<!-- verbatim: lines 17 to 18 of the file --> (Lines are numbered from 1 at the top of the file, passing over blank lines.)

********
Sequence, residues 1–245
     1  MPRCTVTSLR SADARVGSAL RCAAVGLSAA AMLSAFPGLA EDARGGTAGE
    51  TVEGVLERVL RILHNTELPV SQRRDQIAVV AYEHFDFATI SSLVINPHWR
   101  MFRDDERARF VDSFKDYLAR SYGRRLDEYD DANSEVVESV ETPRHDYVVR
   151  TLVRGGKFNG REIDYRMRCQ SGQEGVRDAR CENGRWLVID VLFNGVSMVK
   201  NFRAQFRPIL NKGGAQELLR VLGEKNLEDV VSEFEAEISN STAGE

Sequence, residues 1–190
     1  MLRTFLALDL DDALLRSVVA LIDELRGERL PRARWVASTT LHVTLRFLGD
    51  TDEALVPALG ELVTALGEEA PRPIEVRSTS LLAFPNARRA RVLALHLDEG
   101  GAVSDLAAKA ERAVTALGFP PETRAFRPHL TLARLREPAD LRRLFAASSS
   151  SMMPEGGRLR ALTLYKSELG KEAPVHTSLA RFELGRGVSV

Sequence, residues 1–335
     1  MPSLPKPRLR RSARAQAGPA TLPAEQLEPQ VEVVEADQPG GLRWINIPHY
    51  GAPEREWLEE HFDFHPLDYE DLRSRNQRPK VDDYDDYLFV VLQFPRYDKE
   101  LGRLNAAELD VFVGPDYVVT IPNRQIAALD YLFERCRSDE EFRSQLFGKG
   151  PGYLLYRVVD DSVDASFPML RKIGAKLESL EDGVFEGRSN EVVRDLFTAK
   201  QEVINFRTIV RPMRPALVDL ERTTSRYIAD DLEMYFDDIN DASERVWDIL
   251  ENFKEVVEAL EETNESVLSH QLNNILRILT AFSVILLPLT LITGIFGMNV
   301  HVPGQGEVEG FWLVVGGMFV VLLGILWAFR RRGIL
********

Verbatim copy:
   201  QEVINFRTIV RPMRPALVDL ERTTSRYIAD DLEMYFDDIN DASERVWDIL
   251  ENFKEVVEAL EETNESVLSH QLNNILRILT AFSVILLPLT LITGIFGMNV